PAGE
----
Over the past few years we have seen an increase in the use of various perfluorinated solvents, esp with LC/MS systems and this has resulted in some serious degasser damage and source contamination (e.g. HFIP). Additionally, we commonly see ion-pairing reagents such as TFA and TBA "sticking" to the plastic used in these modules causing a leaching of material over long periods of time (again, most obvious on an MS system where you can "detect" it in the background). These agents must be thoroughly flushed out of the flow path to reduce contaminating the entire system over time. *A strong wash solution with a little acid (formic) often helps in this regard. Wash cycles of over 12 hours are often needed to see improvement. In some cases we must replace some or all of the internal parts of the degassing module to eliminate the contamination. 

For normal phase applications, high concentrations of n-Hexane can also cause contamination of an HPLC or LC/MS system. The damage is often sourced to the degasser (which are often not compatible with Hexane) where the ultra high evaporation rate of hexane coupled to the advanced materials found in the degassing tubing results in the hexane condensing on the outside of the tubing of the degasser and becoming contaminated with the exhaust and plastics found there. These contaminants are then transported back through the tubing walls into the solvent stream.

If your HPLC's degasser has an error light turned on (i.e. Yellow or Red light or "Degasser Hardware Fault" error message), then your entire HPLC system may now be out-of-compliance because the degasser is broken. Have the degasser professionally repaired so you can put the system back online. Maintain these devices, following the manufacturer's guidelines in their use and operation and you should be able to run them for about five years before requiring repair service.

Our HPLC degasser repair shop also receives degasser modules with leaking or ruptured vacuum chambers. These too contribute to mobile phase contamination as any seal failure in these normally "dry" systems results in liquid contaminating the vacuum system which in-turn sends contaminated liquid back into the HPLC mobile phase stream. *Note: If you are using your HPLC degasser with Mass Spec detector, then the resulting mobile phase contamination may contaminate not just your column and MS source (costing a great deal of money to decontaminate). Please, at the first sign of trouble, get that degasser cleaned and repaired.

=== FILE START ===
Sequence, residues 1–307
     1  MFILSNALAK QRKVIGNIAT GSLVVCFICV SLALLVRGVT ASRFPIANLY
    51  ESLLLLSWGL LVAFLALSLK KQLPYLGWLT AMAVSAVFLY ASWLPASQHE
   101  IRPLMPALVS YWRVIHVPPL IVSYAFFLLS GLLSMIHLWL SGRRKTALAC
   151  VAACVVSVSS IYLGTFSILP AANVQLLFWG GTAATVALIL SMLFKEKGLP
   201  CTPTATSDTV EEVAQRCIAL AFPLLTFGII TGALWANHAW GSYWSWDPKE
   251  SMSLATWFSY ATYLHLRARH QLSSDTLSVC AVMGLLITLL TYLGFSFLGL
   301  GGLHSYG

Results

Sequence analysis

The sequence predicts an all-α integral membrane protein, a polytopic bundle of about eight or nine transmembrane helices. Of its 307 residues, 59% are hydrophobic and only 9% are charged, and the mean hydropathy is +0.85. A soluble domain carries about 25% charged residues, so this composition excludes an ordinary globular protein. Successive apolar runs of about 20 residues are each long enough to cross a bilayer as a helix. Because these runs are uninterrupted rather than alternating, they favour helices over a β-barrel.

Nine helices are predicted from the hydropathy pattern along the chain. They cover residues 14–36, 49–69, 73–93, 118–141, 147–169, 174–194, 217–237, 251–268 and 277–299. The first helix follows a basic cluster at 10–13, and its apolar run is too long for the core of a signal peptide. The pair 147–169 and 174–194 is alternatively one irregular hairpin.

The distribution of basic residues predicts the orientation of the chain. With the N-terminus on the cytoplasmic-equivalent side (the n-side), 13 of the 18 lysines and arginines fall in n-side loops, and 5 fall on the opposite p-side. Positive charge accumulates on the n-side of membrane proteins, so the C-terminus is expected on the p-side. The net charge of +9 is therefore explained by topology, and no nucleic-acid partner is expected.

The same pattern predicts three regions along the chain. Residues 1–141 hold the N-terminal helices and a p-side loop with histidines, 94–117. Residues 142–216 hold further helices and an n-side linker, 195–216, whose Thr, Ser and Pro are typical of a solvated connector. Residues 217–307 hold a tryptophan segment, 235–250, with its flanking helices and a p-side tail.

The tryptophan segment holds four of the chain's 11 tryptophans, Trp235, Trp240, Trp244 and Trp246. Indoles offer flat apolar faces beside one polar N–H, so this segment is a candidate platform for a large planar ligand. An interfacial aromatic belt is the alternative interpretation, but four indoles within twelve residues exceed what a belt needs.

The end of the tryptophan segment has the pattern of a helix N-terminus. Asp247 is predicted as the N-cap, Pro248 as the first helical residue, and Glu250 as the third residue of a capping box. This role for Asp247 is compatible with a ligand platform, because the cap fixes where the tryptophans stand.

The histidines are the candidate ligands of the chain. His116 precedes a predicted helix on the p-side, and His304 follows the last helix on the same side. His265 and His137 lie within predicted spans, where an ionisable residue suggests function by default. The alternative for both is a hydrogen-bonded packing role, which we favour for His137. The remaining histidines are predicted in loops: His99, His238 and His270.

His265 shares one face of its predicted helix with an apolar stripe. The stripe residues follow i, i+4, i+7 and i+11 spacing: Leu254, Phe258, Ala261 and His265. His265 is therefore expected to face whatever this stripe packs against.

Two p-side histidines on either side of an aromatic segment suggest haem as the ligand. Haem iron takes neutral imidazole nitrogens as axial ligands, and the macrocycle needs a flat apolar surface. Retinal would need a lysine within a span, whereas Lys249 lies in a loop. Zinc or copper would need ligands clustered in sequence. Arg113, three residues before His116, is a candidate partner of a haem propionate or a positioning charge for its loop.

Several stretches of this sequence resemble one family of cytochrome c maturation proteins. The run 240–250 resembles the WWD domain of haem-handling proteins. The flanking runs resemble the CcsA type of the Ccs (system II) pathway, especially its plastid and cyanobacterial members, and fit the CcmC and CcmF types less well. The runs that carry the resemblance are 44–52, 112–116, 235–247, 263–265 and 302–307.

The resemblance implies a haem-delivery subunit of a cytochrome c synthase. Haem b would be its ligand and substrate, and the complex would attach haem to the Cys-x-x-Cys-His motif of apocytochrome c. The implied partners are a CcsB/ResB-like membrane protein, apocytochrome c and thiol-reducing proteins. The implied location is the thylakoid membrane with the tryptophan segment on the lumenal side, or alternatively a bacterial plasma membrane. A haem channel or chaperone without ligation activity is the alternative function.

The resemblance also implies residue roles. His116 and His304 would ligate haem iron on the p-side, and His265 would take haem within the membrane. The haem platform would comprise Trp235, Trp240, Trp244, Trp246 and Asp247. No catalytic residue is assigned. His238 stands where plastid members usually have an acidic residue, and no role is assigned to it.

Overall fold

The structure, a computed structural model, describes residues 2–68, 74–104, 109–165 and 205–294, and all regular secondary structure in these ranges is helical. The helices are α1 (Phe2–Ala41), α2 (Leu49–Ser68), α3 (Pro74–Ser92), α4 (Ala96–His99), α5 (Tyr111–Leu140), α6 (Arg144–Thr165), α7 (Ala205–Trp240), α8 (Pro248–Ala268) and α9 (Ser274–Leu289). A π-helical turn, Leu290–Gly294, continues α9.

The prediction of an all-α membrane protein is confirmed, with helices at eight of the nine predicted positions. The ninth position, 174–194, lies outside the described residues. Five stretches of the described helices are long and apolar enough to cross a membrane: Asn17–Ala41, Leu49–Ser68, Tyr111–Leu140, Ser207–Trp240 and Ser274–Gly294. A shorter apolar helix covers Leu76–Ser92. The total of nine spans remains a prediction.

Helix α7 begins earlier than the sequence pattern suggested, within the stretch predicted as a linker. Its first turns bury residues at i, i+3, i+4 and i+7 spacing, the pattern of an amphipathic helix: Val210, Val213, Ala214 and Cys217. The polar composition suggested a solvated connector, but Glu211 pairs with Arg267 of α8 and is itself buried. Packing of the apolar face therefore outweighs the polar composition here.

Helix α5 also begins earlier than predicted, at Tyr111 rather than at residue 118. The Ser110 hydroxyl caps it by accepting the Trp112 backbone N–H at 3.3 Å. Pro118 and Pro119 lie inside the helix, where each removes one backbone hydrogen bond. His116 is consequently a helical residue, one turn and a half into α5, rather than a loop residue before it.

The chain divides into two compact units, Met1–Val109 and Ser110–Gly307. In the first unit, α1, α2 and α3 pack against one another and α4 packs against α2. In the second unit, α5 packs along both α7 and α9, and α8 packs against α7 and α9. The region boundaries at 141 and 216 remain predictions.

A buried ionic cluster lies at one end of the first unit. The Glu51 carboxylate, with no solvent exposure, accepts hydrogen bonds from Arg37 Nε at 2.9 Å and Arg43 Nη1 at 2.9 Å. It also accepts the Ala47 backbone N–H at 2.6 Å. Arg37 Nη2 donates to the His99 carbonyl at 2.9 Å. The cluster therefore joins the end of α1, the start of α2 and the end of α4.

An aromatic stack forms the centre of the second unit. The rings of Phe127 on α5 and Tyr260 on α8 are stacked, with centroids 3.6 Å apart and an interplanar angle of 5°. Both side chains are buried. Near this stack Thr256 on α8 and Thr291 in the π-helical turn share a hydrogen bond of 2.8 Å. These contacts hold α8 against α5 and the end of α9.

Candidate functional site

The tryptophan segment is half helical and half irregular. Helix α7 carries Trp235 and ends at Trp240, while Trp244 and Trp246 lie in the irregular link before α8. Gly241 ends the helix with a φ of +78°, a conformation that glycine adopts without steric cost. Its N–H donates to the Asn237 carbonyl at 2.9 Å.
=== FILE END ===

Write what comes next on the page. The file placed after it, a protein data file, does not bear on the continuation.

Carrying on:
Be sure and review all of the information and advice supplied by the manufacturer of your degassing module before use or whenever you use any new solvents or additives. The composition of the degassing tubing has changed a great deal over the past decades resulting in increased degassing efficiency, but also changes in chemical compatibility. Certain popula solvents may be incompatible with most models in your lab. Make sure you know exactly what types of vacuum chambers and plastics are used in your specific instrument(s) and proceed with caution when using these systems. Degassing modules must be operated, cleaned and maintained the same as your other important instruments. When they are not operating properly or are contaminated, they should be serviced as soon as possible or risk further contamination and damage to your system ($$$).